In Chapter 3, Puar convincingly argues that pinkwashing is a mechanism of biopolitics that works through the axes of capacity, disability, and debility. Pinkwashing does not only regulate sexual orientation, she argues, but also helps enforce the biopolitical frameworks that foreground certain capacities (100). Puar is concerned with both the rehabilitation of the state of Israel as strong and virile, as well as its pronatalist reproductive politics. Israeli homonationalism is coded as cisgender and masculine, aligning it with the conception of Zionism as “Judaism with muscles” (102). The good homonational citizen is then defined by her capacities. Puar reads an alternative crip nationalism in Israel, “secured through [exceptionalization of] the disabled IDF veteran” rather than disability rights, who, like her Western counterpart is seen as having suffered an accident (108). Such discourses of disability in Israel disavow the looming future disability of Palestinian citizens, which is necessary to secure the occupation. The good homonational citizen is also delimited by her reproductive capacities:
“to be gay in Israel is not only to be Jewish […] not only to be able-bodied (and not disabled), but also to be parents, to reproduce the national body politic along racial and rehabilitated lines” (117).
Pinkwashing “works as a foil to the pronatalist, eugenically oriented practices of sexual reproduction”; Israel’s highly developed assisted reproductive technologies and management of cross-religion egg donations and marriages still function towards the reproduction of a certain settler nation rather than an overall increase in population (124).
The last chapter is where Puar most forcefully makes the book’s central argument that the old biopolitical divisions of “let live/make die” and “make live/let die” have been supplemented by a new regulatory device: the right to maim or injure. Maiming, rather than a by-product of war or a means to another end, is the goal of Israeli tactics and technologies in Gaza, including for instance, “shoot to cripple” plastic and fragmenting bullets. Maiming also enables or capacitates in this context. First, it capacitates the occupied population, preparing the ground for continued occupation under settler colonialism (128-9). Second, it reduces death tolls and so promotes the idea of the Israeli military as humanitarian, since maiming and permanent injury are not included in calculations of collateral damage. The right to maim also exercises itself through attacks on health and social support infrastructure, further debilitating the population. Maiming quells present resistance by making targeted individuals debilitated and unable to seek rehabilitation. In addition, Puar contends that the Israeli state seeks to secure an ongoing lack of resistance by projecting only a future full of maiming, as well as by manipulating generational time by “stunting” youth and debilitating familial support systems (152). The right to maim is not unique to Israel/Gaza, but Puar proposes it as a new framework through which to view other locations and power relations.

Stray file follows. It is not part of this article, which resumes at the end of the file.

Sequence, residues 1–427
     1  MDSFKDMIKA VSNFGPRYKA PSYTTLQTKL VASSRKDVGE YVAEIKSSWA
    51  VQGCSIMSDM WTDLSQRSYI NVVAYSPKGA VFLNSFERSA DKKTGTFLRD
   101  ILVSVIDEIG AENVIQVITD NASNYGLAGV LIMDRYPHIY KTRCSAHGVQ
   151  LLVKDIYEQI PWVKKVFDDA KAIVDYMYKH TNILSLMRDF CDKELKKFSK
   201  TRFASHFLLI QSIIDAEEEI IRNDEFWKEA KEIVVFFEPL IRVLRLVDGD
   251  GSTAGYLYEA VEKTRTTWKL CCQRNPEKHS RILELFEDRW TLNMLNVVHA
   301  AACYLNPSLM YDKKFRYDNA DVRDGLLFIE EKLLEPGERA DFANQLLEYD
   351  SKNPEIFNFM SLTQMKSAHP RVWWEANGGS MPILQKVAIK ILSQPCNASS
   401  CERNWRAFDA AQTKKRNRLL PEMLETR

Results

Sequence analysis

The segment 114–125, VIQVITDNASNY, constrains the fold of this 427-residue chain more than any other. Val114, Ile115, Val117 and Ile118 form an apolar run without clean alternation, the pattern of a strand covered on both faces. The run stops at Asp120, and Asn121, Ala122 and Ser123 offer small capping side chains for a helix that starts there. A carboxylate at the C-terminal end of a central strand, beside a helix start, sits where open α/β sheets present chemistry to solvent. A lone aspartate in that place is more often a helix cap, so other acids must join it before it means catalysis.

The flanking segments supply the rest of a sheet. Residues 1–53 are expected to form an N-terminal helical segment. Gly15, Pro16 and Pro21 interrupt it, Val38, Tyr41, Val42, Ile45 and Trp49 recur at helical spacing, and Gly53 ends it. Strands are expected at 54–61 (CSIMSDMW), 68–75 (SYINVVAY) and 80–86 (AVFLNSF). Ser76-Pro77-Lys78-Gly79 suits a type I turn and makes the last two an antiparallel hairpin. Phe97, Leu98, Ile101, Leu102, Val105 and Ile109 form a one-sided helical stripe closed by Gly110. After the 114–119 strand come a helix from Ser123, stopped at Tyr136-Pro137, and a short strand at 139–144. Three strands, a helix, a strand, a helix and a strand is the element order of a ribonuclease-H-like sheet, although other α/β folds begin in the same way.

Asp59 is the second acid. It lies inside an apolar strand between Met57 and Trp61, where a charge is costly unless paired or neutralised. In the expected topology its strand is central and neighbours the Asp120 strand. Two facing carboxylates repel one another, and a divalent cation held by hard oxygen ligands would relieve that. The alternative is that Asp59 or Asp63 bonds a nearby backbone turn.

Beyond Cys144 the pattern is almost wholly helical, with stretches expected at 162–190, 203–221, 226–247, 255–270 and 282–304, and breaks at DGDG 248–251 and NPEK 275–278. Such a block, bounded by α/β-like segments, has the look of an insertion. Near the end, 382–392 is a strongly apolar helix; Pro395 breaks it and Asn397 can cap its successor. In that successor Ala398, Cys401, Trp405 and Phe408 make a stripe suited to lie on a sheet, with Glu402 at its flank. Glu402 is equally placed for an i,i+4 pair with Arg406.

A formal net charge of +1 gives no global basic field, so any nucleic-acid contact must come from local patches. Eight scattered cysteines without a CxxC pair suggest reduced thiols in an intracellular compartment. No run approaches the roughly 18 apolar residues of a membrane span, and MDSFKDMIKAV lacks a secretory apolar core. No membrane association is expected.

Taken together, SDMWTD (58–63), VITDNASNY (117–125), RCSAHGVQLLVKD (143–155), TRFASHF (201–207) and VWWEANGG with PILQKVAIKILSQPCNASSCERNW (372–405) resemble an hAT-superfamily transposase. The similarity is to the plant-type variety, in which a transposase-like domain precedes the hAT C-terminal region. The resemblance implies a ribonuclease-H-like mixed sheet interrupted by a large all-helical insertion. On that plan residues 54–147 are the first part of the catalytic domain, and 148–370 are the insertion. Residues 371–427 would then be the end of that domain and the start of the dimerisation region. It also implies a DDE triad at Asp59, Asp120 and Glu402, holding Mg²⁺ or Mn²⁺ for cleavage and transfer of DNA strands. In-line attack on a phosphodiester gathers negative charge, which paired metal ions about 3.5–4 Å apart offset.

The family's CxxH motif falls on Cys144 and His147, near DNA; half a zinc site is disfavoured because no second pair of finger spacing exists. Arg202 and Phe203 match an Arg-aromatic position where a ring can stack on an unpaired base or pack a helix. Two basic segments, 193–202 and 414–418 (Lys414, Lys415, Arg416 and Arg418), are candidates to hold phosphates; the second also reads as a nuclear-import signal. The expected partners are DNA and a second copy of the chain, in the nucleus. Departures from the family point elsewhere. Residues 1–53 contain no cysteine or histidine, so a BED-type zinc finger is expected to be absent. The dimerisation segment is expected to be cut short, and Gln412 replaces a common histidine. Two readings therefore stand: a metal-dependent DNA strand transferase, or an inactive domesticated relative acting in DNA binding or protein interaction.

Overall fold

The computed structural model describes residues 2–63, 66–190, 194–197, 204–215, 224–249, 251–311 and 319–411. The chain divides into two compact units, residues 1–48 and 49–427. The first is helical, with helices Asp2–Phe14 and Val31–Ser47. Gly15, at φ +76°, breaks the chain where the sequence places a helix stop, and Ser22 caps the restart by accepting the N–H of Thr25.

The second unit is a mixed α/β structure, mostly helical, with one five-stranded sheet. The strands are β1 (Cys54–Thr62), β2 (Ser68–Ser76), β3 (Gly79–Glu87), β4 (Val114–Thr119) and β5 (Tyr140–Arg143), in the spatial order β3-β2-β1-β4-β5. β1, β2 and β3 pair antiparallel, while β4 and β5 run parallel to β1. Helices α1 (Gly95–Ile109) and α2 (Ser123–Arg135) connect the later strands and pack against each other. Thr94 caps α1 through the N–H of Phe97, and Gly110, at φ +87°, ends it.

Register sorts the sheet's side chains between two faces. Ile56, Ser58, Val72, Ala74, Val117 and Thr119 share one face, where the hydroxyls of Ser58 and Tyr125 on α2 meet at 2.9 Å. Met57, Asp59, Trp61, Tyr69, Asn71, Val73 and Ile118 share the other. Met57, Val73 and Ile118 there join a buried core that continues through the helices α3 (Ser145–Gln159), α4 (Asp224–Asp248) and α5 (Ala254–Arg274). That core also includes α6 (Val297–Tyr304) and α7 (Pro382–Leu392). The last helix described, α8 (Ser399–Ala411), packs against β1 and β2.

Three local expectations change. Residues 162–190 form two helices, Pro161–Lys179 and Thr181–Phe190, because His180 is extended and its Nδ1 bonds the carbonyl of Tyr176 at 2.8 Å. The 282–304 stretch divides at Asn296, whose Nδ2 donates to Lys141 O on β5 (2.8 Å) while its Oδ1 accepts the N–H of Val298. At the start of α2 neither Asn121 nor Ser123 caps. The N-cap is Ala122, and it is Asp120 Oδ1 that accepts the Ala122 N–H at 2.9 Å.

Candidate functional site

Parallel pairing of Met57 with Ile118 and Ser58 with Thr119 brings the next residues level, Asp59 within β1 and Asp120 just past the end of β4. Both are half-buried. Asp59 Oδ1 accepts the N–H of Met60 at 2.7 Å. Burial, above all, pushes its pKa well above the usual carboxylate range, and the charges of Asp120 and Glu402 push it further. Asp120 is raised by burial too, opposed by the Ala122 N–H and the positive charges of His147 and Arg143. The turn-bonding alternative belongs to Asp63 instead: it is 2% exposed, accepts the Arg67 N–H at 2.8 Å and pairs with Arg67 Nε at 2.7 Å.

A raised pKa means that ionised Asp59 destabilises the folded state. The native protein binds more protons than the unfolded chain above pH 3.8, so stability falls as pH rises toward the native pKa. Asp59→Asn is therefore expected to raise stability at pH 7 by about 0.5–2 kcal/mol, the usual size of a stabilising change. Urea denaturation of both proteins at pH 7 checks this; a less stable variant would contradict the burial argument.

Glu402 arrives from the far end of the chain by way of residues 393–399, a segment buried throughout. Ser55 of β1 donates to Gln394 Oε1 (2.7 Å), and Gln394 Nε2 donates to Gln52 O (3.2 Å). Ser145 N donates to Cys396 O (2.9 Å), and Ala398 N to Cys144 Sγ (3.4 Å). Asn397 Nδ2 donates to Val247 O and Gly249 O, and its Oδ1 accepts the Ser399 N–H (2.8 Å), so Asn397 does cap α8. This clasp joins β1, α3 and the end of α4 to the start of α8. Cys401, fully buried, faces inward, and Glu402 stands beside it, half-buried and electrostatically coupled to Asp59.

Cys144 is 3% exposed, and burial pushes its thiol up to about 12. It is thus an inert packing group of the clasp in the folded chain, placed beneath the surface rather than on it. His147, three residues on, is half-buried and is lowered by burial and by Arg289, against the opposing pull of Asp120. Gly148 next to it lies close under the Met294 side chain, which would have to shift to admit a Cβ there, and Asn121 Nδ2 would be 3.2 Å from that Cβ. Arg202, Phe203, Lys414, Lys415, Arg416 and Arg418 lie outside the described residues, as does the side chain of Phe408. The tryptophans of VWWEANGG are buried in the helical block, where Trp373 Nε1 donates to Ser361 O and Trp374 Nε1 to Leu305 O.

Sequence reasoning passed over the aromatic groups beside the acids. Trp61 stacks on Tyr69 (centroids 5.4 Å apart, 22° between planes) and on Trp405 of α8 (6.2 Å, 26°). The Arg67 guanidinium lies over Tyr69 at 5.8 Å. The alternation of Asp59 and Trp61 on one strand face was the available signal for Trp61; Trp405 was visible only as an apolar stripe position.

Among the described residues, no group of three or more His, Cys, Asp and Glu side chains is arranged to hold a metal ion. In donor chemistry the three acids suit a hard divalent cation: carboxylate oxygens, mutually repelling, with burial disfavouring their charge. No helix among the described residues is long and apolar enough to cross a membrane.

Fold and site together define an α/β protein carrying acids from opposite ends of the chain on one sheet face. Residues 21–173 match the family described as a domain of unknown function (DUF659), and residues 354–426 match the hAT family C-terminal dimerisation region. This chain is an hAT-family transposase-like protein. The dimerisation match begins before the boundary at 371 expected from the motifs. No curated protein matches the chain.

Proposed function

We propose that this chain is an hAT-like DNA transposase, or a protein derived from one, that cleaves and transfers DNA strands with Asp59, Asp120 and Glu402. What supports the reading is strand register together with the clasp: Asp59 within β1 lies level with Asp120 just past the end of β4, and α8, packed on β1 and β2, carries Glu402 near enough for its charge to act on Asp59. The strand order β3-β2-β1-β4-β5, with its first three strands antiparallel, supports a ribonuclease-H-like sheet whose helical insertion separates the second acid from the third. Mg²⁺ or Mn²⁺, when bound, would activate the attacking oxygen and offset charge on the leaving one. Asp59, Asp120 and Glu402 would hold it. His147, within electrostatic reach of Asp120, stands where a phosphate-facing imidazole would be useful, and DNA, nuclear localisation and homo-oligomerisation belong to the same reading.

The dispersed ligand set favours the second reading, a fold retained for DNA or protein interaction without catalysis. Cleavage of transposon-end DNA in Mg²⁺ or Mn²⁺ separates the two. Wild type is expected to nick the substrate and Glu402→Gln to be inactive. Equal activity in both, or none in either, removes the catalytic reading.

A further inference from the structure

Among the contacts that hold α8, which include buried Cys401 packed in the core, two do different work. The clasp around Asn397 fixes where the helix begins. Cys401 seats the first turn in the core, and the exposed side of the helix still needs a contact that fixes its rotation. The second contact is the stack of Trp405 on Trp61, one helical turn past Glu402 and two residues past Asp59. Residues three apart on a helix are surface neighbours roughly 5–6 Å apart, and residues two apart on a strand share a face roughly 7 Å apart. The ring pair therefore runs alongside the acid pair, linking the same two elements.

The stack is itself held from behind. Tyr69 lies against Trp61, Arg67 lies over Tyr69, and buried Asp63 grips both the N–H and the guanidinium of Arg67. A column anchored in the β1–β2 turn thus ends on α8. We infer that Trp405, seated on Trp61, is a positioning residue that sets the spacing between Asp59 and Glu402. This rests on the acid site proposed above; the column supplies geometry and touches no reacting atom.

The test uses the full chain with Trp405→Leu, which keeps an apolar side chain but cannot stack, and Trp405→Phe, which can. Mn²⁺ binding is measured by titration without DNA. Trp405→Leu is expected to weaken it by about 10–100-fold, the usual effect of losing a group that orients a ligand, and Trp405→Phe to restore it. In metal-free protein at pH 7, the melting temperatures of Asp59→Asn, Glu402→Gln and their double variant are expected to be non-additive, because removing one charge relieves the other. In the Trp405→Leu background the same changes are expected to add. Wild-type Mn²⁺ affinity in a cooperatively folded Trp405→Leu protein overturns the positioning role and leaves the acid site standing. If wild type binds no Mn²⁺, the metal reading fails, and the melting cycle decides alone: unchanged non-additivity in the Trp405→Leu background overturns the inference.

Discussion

Puar’s careful attention to conceptions of resistance in the era of “the right to maim” is an especially enriching part of the book. In The Right to Maim, she maintains her attachment to both assemblage theory and intersectionality, clarifying that we cannot see the intensities and affects of bodies as outside of debilitation, disability, and capacitation (see Puar 2012). Rather, “a molecular politics is recaptured by a molar schema” even in becoming-trans (119). This is a necessary caution for those who might imagine resistance in too unrestricted a fashion. The other interventions around resistance apply to the biopolitics of debility and disability. In Chapter 1, Puar does considerable work to temper hopes about the resistance inherent in disabled bodies, suggesting instead that this is a capacity for only certain disabled individuals. A “proud” reclaiming of disabled identity as resistant is often foreclosed when one is debilitated and massified rather than given rights and exceptionalized. In Chapter 4, her articulation of maiming as a technology of preventing both present and future resistance to political occupation leads us to reconsider the multiple relations which control society has to acts of resistance. Puar asks both “How much resistance can be stripped without actually exterminating the population?” as well as “what are the productive, resistant, indeed creative, effects of such attempts to squash Palestinian vitality, fortitude, and revolt?” (136).
This book brings together many different strands of thought, and does so productively: not collapsing their tensions but probing them. However, the disparate sections within chapters sometimes don’t come together easily, or would require further elaboration to include smoothly. In particular, the sections on becoming-trans and homonationalism-as-assemblage operate at a high level of analysis with many interconnected theories, but the writing tends to become inaccessible and would be enriched by concrete examples. This may in fact be part of a Deleuzian, rhizomatic methodology—but it risks leaving some readers who are not well versed in assemblage theory behind (xxv).
Scholars interested in disability studies, assemblage theory, queer theory, and biopolitics would benefit greatly from encountering The Right to Maim. In its foregrounding of slow debilitation over the notion of the exceptional event, it produces a much-needed triangulation of the disability/ability binary. Puar carefully articulates how racialization manifests within the global racial ontology as license to either disable or debilitate (or often, both), not only impacting subject formation but transforming black and brown bodies from excess in society into new sources of profit.